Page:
Mountain King was originally written by Bob Matson. Jess Ragan (author of one of the posts above) e-mailed him and managed to get a response, which you can read here. Matson now works at Michigan State University.

Available for Atari 8-bit computers, Atari 5200, Atari 2600, ColecoVision, Commodore 64, and VIC-20

Laser Gates (Atari 2600, Atari 8-bit)

CRV (talk) 16:00, 26 April 2013 (CEST) [permalink] [comments]

Originally to be a sequel to VentureVision's Rescue Terra I called Inner Space, Laser Gates is one of Imagic's rarer and more obscure titles for the 2600. That's too bad because it's pretty good.

Your mission is to fly the Dante Dart through the Cryptic Computer and destroy its four Failsafe Detonators (marked "6507") before the Computer self-destructs. Watch out for forcefields, missiles, bats, and other obstacles, and keep an eye on your energy, shields, and time until detonation.

Even more obscure is the Atari 8-bit computer version, available only on the Imagic 1-2-3 compilation disk which also contains Quick Step and Wing War. The graphics are better, and the layout is a little different. No longer restricted to a single Computer, you travel from planet to planet (Computer to Computer?), each one containing a single Detonator. It's kinda like Gradius, or that's what people on the Internet say.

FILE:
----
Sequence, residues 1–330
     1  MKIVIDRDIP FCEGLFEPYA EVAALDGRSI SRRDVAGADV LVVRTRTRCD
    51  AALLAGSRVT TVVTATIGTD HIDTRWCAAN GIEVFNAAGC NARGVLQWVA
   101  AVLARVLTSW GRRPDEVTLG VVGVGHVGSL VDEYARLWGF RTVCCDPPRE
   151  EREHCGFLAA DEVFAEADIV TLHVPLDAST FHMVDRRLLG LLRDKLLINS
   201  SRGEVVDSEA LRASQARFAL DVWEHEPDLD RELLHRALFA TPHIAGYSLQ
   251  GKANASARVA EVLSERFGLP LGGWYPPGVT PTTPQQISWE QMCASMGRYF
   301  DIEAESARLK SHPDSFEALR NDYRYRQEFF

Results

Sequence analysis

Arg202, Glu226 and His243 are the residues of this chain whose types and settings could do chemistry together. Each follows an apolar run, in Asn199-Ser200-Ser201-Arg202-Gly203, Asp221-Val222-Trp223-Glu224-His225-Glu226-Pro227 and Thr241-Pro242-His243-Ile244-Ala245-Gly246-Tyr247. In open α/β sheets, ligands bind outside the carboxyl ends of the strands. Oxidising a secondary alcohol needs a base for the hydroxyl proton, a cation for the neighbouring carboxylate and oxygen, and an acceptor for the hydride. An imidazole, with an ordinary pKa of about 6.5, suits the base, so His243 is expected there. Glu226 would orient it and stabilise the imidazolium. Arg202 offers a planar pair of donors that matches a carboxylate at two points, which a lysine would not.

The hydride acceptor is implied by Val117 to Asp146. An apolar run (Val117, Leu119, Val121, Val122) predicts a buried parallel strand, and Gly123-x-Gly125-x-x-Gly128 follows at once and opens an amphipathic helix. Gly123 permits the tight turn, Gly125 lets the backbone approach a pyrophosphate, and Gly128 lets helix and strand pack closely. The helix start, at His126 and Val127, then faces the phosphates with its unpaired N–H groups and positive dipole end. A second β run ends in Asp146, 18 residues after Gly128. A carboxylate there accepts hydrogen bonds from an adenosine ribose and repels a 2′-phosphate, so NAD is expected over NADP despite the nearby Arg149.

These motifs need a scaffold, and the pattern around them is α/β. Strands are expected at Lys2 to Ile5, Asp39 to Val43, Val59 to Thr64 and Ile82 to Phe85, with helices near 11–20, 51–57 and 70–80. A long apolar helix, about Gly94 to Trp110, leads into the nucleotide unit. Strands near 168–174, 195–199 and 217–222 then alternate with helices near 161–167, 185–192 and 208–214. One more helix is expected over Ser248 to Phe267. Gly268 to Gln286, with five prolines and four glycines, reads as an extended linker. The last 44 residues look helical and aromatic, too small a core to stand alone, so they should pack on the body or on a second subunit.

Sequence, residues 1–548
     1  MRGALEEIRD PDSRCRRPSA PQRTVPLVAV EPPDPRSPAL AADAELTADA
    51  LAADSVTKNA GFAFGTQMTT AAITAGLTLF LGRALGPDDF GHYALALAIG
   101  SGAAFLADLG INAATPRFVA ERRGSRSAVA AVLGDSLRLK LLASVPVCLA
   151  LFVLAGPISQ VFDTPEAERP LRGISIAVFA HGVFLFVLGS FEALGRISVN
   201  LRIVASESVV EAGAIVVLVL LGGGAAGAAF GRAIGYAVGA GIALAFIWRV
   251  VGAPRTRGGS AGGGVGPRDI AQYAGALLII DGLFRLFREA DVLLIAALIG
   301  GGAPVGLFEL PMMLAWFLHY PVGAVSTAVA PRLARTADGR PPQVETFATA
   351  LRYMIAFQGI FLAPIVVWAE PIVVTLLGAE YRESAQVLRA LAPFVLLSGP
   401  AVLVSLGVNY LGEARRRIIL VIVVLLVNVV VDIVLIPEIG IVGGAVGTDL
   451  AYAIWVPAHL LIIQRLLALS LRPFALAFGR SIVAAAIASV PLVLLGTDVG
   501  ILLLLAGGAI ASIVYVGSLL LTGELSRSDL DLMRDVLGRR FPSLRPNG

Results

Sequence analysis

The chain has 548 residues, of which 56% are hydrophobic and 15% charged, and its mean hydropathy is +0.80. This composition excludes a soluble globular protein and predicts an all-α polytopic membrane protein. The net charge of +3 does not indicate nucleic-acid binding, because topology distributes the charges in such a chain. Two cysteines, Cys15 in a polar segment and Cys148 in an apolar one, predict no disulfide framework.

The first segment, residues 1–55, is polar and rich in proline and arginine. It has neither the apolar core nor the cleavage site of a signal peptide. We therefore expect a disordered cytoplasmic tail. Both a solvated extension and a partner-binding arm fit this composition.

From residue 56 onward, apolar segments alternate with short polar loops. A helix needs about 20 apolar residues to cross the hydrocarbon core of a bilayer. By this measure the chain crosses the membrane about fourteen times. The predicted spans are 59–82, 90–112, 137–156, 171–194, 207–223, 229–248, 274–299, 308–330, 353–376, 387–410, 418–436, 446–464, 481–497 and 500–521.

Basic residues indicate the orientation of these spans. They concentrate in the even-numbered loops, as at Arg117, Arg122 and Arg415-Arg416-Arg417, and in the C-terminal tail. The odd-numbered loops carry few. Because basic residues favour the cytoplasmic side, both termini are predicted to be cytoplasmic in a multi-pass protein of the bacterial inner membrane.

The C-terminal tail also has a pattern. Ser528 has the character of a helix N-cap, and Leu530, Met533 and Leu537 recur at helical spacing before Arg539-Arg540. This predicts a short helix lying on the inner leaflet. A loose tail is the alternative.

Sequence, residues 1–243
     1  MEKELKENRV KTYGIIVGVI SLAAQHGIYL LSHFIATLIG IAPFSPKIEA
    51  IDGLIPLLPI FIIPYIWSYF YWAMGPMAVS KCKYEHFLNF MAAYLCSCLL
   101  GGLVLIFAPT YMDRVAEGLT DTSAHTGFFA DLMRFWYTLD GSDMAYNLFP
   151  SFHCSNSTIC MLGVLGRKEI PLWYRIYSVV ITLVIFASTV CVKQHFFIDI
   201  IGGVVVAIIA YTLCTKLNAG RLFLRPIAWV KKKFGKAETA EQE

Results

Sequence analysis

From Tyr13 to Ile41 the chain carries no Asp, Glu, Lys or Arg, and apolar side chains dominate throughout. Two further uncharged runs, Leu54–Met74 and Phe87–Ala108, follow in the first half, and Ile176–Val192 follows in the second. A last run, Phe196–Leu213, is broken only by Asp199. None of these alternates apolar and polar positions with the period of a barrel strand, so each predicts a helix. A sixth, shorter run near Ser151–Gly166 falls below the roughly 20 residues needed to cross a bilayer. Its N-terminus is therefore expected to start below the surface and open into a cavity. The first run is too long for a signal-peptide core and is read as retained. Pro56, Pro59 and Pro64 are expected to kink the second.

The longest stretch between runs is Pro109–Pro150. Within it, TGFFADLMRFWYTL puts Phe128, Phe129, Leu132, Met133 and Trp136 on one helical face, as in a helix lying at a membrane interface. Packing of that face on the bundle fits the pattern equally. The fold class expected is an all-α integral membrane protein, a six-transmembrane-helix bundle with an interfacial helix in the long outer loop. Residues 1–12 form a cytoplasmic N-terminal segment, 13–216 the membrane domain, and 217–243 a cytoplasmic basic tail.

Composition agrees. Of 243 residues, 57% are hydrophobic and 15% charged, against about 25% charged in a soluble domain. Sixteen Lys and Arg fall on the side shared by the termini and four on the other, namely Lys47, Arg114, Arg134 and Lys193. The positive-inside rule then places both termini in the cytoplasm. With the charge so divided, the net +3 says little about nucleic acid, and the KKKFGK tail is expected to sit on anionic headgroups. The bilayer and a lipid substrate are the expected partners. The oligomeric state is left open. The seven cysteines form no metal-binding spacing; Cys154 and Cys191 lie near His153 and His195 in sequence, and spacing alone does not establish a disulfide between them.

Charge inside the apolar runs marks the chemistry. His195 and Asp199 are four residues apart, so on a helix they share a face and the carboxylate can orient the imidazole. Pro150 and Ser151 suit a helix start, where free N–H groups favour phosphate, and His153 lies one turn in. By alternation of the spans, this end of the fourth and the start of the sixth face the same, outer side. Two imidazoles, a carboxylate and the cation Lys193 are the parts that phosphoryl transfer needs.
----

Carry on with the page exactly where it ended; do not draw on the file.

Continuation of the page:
2600 version by Dan Oliver

TIP: To speed things up, fly to the right side of the screen.

REMEMBER: Pins on the Detonators may be booby-trapped!

Frogger (Genesis)

CRV (talk) 15:47, 25 April 2013 (CEST) [permalink] [comments]

The last licensed game for the Sega Genesis in North America. What better way to send off one of the all-time great consoles than with one of the all-time great arcade games?